Retailer technology: Watch and learn

technology

Ivan Durkin asks what wholesalers can learn from the retail sector’s trial and error with IT.

We might think it’s tough in wholesale. But it’s even tougher for retailers – they’re trying to woo and retain whimsical, critical, trend-following customers in a savagely competitive marketplace.

It’s no surprise, then, that they’ve experimented more than wholesalers have with cutting-edge applications of information technology in a bid to improve efficiency, entice and engage customers, and optimise profits.

Inevitably, the results experienced by these ‘early adopters’ have been mixed, but many IT systems have now been proven in a commercial environment to help increase sales and customer loyalty, improve productivity and control overheads.

Now, as the traditional lines between retail and wholesale become ever more blurred, it’s time for wholesalers to benefit from retailers’ hard-learned lessons. So what works?

IT is convenient: Nurture customers’ ‘lazy loyalty’

Retailers have long understood that ‘lazy loyalty’ is one of the most profitable customer relationships a business can nurture. By making your operation the easiest from which to keep ordering, busy customers are less likely to want to seek an alternative.

Web ordering: No matter how long their wholesalers are open, some caterers or retailers struggle to conduct a stock-take and make an order in time. The cost of a 24/7 telesales service is unjustifiable for most wholesalers. More affordable is an online ordering service, which allows customers to make orders whenever – and from wherever – it suits them.

Setting up an online ordering system also creates a flexible, cost-effective online catalogue. Making stock information readily accessible reduces the time staff spend handling customer enquiries; there’s no postage, and prices and availability can be edited at no cost.

Critically, web-based promotions target customers when they’re in ‘purchasing mode’. The increased effectiveness of special offers alone can pay for a new system.

Click & collect: Fulfilment by delivery can see profits significantly undermined by staff and fuel prices, and it might not suit customers, such as mobile caterers.

An alternative successfully tested by the likes of Asda, Sainsbury’s, Tesco and Boots is click & collect. Here, the order is picked by the wholesaler within a set time – typically three hours, although Boots is trialling ‘next day’ – and made available for speedy collection at the customer’s convenience.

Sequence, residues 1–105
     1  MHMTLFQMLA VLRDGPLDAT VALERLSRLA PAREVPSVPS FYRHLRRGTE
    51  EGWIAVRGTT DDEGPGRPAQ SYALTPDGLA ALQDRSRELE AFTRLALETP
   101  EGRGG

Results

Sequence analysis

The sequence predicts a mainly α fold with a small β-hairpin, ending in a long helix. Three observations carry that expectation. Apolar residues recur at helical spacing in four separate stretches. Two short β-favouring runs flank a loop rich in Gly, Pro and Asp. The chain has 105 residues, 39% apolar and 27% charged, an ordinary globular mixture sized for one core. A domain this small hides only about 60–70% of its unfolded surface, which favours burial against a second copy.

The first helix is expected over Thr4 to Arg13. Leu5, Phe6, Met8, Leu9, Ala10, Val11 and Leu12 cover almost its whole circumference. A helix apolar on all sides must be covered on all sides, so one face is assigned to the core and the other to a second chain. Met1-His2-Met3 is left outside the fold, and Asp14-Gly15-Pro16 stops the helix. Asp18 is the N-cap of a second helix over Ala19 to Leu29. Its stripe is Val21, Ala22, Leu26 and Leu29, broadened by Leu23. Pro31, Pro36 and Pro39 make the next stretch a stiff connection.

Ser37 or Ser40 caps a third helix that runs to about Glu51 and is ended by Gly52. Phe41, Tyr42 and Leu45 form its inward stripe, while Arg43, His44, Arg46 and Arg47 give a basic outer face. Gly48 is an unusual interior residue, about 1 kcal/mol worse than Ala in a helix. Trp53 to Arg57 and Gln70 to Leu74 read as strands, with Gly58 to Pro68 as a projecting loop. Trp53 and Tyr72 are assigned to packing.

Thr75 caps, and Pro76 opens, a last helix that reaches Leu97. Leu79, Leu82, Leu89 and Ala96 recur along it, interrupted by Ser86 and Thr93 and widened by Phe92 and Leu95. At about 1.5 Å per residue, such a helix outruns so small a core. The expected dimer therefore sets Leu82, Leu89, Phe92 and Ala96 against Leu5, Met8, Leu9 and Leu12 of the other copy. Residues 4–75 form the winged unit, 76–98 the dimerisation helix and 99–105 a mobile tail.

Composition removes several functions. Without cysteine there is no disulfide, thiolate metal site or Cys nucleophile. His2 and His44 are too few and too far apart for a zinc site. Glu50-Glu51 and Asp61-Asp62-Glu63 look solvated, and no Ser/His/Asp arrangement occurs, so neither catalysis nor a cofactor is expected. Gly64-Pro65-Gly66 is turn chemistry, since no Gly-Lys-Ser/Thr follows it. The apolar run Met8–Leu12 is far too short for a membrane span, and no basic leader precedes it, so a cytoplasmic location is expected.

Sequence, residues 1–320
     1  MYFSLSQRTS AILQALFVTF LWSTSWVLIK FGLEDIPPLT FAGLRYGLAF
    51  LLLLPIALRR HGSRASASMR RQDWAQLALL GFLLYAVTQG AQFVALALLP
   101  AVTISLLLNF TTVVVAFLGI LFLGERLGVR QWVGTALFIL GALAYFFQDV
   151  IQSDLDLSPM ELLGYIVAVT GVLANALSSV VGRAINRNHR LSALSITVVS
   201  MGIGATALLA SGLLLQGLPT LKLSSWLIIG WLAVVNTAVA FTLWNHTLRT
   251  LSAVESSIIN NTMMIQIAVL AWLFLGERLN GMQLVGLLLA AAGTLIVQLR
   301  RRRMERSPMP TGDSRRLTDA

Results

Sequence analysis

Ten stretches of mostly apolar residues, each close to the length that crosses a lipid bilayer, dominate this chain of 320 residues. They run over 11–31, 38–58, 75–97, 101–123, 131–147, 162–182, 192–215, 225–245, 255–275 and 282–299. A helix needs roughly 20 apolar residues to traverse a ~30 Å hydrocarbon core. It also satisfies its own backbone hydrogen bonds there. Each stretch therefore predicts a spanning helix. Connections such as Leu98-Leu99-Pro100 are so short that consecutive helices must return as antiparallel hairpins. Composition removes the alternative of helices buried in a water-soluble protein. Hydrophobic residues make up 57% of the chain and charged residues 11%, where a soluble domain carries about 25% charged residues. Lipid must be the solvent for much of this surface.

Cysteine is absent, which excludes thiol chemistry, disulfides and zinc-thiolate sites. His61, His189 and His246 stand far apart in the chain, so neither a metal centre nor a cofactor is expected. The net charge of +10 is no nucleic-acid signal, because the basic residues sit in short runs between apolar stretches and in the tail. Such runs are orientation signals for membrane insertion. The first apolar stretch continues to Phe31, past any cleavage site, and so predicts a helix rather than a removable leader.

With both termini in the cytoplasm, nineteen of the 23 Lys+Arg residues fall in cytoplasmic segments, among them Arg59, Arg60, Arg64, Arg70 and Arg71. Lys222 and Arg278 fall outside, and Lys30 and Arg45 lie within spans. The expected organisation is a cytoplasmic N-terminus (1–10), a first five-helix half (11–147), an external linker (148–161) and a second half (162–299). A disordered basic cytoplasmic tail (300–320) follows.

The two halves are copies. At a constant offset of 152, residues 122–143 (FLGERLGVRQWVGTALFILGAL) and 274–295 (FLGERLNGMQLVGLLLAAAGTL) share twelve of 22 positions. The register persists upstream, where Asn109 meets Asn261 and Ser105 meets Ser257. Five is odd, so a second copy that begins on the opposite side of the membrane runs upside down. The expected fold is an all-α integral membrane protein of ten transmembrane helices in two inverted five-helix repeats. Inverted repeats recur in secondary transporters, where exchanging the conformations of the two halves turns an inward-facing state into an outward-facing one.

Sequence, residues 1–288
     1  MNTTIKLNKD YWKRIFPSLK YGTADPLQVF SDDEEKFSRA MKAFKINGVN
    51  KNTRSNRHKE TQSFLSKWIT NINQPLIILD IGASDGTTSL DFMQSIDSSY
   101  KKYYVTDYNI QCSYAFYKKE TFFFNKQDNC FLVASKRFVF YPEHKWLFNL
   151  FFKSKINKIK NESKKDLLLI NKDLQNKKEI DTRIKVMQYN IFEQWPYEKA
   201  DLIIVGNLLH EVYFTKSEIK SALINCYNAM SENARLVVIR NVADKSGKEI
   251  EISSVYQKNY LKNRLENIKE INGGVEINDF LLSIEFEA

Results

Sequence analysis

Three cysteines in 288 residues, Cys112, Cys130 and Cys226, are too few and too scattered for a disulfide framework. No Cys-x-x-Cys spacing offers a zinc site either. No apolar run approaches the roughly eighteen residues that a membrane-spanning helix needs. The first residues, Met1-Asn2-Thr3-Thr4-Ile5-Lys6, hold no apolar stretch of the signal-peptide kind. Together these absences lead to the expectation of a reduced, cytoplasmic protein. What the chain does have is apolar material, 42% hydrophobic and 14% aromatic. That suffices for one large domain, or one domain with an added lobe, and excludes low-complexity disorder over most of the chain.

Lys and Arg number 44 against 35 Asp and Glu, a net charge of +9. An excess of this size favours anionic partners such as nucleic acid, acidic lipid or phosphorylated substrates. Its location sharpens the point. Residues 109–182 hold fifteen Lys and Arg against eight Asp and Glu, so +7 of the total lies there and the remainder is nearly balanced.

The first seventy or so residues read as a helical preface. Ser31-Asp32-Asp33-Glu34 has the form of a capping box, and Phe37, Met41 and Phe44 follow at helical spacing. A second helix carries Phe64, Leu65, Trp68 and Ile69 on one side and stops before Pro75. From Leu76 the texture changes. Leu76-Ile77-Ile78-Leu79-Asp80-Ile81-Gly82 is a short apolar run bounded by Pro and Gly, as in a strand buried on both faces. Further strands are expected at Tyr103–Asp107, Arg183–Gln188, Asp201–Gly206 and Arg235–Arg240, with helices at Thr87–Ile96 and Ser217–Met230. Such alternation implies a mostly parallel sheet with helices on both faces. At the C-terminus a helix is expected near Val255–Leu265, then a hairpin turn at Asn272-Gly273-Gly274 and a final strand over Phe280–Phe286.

The reason for its uptake is clear: the retailers’ picking teams are doing the shopping, so aisles are less congested and queues shorter – something that growing wholesalers will particularly appreciate, as it can remove the need for additional depot space.

IT fulfils faster: From shelves to delivery

Of course, the full benefit of these systems can only be realised if you minimise the cost of laying on picking and delivery services.

Hands-free picking: Radio frequency (RF) systems can help. Although a full RF network is not cheap, prices are falling quickly and the returns are impressive.

Take a look at foodservice operator L&F Jones. Its picking team saved a day a week using a wrist-mounted RF system. This cut the downtime necessitated by collection of paper-based orders. It also enabled them to make live stock enquiries, note order status, and immediately rectify errors – increasing productivity while reducing inaccuracies.

Route planning: Route planning systems help wholesalers such as Venus Wine Spirit Merchants to set up default lorry, driver and routes for each day of the week, and assign customers to the most appropriate set route. They also help with load planning – organising deliveries in logical batches that advise the loaders of pallet and cage requirements – and enable the efficient loading of vehicles.

This speeds up loading, saves on fuel and driver time, and gives customers a schedule they can plan around.

LEAVE A REPLY

This site uses Akismet to reduce spam. Learn how your comment data is processed.